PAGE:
Miramichi Folksong Festival

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Miramichi Folksong Festival
Genre Roots, folk
Dates August
Location(s) Miramichi, New Brunswick
Canada Canada
Years active 1958 – present
Founded by Louise Manny

The Miramichi Folksong Festival, is the oldest folk music festival in Canada. It is held annually in Miramichi, New Brunswick, Canada. It was established by Louise Manny in response to a request from Lord Beaverbrook that she document the traditional songs of his boyhood home. It is the longest continuous event of its kind in Canada and one of the longest in North America. The first festival was held in September 1958 at the Beaverbrook Town Hall and Theatre in Newcastle, New Brunswick. The festival is still held at this location, now in August of each year.[1][2]

Although the festival now is an important draw for local tourism, and features some mainstream talent, the original and primary purpose of the festival is to preserve local culture; thus, highlights of the festival include many amateur, often elderly, local performers.

Traditional lyrics and music highlighted by the festival have been preserved in the 1968 book Songs of Miramichi and in several recordings, including a 1962 Folkways Records album produced by Louise Manny.[3][4]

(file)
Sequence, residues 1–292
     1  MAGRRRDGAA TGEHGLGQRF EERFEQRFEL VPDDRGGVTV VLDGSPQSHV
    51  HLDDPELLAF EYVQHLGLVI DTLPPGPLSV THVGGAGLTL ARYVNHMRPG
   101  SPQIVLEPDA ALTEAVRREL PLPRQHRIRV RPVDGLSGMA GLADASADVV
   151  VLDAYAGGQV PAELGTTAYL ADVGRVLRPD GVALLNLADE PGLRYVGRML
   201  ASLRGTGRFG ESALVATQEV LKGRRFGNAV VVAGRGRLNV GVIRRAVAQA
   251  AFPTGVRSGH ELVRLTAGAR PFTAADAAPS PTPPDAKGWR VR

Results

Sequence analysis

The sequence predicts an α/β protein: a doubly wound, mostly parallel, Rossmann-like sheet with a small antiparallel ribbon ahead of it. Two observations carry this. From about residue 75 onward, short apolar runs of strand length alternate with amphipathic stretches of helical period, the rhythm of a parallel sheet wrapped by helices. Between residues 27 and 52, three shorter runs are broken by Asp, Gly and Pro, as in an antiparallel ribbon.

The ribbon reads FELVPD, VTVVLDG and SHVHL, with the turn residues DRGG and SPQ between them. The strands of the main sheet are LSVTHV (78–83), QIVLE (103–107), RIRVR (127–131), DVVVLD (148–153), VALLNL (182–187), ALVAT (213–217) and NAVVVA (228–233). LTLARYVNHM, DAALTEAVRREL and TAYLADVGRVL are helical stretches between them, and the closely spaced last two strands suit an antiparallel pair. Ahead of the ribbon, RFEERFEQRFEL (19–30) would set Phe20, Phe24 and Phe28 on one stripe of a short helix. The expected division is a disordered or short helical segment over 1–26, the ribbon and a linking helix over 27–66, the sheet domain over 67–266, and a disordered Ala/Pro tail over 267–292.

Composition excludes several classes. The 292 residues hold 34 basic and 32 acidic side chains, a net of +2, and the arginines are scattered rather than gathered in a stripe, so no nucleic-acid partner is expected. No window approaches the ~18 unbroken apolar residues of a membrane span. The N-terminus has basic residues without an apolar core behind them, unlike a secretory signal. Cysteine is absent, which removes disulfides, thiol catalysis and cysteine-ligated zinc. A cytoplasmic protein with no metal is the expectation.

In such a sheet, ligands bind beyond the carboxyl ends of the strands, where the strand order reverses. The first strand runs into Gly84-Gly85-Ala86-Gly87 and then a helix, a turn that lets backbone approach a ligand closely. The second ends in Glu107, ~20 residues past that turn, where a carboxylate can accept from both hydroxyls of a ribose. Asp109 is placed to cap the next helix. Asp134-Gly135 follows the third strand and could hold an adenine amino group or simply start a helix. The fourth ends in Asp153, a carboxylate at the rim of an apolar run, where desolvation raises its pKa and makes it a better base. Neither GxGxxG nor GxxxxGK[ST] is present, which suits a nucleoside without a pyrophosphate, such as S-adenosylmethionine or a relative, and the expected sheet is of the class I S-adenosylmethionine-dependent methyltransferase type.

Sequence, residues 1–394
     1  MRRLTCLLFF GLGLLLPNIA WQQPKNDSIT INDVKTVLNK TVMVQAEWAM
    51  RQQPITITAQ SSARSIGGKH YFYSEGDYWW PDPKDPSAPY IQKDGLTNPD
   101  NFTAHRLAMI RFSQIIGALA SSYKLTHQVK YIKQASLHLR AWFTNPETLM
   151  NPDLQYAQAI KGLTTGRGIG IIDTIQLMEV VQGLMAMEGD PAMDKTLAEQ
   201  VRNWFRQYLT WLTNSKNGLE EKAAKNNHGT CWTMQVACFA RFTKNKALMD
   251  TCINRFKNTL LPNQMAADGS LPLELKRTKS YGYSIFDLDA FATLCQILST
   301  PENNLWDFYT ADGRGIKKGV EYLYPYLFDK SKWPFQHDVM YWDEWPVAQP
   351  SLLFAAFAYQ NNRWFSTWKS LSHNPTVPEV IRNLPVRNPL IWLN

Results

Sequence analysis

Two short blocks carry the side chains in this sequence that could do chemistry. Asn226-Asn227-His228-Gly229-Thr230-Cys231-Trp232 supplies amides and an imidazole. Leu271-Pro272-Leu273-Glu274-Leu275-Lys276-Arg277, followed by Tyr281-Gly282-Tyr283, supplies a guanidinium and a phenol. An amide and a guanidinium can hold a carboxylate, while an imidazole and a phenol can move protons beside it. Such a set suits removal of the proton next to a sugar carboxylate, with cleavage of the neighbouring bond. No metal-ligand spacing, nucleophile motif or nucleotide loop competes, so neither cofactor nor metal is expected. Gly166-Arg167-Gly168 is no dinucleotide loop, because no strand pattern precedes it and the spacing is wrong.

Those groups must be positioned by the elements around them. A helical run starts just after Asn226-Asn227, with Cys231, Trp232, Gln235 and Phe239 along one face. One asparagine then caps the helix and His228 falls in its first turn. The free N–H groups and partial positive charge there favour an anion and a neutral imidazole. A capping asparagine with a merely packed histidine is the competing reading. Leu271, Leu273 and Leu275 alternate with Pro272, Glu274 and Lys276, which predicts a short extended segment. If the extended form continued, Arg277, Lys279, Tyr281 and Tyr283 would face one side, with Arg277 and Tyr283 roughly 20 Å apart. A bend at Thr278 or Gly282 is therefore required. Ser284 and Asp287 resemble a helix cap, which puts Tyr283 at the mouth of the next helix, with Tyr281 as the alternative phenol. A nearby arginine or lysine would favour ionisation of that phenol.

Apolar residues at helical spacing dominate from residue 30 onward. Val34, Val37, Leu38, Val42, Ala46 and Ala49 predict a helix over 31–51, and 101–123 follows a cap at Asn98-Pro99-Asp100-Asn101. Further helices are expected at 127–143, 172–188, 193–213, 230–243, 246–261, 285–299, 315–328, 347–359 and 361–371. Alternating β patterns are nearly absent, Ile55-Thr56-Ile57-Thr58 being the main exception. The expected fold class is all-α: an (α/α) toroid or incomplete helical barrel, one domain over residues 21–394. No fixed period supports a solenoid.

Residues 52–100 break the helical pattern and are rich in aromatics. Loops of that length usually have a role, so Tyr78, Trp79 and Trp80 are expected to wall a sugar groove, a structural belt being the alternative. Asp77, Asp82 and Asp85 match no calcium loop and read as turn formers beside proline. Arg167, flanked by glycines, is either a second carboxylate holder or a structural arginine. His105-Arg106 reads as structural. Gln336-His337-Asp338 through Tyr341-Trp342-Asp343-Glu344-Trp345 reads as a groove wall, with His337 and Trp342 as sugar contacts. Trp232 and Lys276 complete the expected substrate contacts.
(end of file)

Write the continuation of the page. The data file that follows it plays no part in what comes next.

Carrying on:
Allan Kelly (September 23, 1903- October 1, 2008) was one of the most popular singers and ardent supporters of the Festival. One of his earliest performances, The Petit Moine, is recorded on the 1962 album.

Raymond and Frank Estey, brothers from Sevogle N.B, sang each year. Afterword, the Esteys entertained the crowd by telling their famous ghost stories.


  1. ^ Miramichi Folksong Festival
  2. ^ Butler, Susan (June 1986). "The Miramichi folksong festival". Canadian Folk Music Bulletin. 20 (2): 25–26. Retrieved 2012-02-20. 
  3. ^ Manny, Louise; Wilson, James Reginald (1968). Songs of Miramichi. Fredericton, NB: Brunswick Press. 
  4. ^ "Folksongs of the Miramichi: Lumber and River Songs from the Miramichi Folksong Festival, Newcastle, New Brunswick". Folkways Records. 1962. Retrieved 2012-02-20. The ten songs in this album represent a mere morsel of the wealth of our folk songs. They were recorded during the actual festival of 1959, which was extended to four evenings instead of the usual three, in order to aid the Escuminac Disaster Fund. About 25 traditional singers took part in this festival and contributed, in all, nearly a hundred songs 

Further reading[edit]

Underhill, Doug (1999). "Miramichi Folksong Festival: A living museum" in Miramichi Tales - Tall & True. Saint John, NB. Neptune Publishing Company, pp. 76–85.